During Gontareva's tenure, the hryvnia devaluated almost three times. The main reasons for currency depreciation were the annexation of Crimea and military operations in eastern Ukraine. This was the cause of Ukraine's record economic decline. The National Bank abandoned fixed exchange rate regime, which they had managed to keep up for a long time, 'burnt off' the reserves, and moved to a flexible exchange rate regime, as the IMF had repeatedly demanded.

Instead, the National Bank focused on the so-called inflation targeting. This is when the central bank becomes responsible for the compliance of inflation in the country with the target level, and uses the discount rate. A discount rate which increased when the policy of "expensive money" was implemented in order to curb inflation, reduce it to provide "cheap money", and revitalize the economy.

Disclosure of banks' beneficial owners

The Verkhovna Rada adopted a law on increasing the liability of bank shareholders in March 2015. In summer 2015, the National Bank ordered all banks to submit information on beneficial owners. Since then, all the financial institutions have to disclose their ultimate beneficiaries. If a bank refuses to do so, it risks being withdrawn from the market.

The information on bank’s beneficial owners is now available on the website of the National Bank of Ukraine.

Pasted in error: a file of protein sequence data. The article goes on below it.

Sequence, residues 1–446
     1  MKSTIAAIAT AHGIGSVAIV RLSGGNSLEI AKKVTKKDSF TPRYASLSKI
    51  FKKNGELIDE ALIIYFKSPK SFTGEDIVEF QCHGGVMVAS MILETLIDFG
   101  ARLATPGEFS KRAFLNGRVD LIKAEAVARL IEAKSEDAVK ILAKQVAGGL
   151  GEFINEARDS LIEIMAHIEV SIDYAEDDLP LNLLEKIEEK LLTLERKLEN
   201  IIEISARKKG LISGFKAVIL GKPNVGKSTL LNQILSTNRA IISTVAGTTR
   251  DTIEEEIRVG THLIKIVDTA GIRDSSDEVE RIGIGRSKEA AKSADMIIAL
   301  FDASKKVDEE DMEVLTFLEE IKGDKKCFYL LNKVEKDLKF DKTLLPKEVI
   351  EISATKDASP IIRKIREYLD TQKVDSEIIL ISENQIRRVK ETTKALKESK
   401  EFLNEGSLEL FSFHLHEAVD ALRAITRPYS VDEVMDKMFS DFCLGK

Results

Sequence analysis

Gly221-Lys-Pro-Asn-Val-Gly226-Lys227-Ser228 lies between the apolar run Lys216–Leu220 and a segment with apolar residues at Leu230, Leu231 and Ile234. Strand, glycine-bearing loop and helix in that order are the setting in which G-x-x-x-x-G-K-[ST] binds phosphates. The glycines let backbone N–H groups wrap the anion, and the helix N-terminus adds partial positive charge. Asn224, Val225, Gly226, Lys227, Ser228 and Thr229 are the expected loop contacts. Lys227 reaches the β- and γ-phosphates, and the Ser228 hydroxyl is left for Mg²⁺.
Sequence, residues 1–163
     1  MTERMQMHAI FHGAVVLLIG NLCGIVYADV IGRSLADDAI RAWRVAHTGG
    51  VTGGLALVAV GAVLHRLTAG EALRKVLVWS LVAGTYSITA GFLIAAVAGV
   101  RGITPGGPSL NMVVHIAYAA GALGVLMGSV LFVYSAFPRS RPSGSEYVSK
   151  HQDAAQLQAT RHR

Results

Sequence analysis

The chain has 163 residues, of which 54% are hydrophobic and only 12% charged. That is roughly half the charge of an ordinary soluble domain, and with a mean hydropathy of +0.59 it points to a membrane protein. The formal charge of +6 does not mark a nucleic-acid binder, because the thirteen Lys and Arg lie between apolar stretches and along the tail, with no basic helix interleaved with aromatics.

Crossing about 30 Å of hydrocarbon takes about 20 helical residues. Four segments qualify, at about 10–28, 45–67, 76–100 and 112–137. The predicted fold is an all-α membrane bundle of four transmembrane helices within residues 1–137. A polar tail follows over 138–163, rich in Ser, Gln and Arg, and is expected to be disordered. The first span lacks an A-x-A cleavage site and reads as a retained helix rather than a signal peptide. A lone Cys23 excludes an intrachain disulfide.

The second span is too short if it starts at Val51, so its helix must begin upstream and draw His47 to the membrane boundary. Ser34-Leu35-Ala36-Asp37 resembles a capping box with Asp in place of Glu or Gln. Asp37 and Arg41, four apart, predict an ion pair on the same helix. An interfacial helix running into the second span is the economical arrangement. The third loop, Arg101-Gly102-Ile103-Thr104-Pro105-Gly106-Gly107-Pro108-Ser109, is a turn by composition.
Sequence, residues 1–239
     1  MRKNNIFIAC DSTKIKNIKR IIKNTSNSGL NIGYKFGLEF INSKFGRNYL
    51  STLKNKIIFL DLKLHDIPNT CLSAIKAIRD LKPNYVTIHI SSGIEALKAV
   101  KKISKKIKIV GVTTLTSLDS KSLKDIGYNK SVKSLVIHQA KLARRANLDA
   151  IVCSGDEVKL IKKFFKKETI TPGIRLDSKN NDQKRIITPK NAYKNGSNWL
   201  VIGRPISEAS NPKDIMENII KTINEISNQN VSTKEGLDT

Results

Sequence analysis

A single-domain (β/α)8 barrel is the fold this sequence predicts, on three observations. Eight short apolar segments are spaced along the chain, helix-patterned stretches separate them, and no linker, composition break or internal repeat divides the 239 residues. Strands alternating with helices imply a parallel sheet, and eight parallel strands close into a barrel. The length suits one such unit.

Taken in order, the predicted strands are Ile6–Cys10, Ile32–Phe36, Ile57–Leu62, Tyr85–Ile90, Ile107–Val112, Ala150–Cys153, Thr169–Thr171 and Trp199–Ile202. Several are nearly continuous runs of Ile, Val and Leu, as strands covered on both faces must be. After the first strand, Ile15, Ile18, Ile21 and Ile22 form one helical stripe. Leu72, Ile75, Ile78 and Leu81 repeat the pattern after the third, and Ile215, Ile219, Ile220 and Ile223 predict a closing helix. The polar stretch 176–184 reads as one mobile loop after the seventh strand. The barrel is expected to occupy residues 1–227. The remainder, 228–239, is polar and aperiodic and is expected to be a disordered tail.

The internal transformation of the NBU

People from outside the system who used to work in the commercial sector were attracted to the National Bank of Ukraine. The approach to communications was totally changed.

The bank reorganized or removed non-core functions from the bank structure: BTB TV-channel, the Banking University of the National Bank of Ukraine in Kyiv and the State Higher Educational Institution NBU Ukrainian Banking Academy in Sumy, the maintenance complex and the NBU printing house, the center of scientific research and therapeutic complexes. The Journal 'Visnyk of the National Bank of Ukraine was considerably and conceptually changed. Since September 2015, it has turned into a research-oriented digital magazine providing high-level analytics.

/Translated by Olga Kuchmagra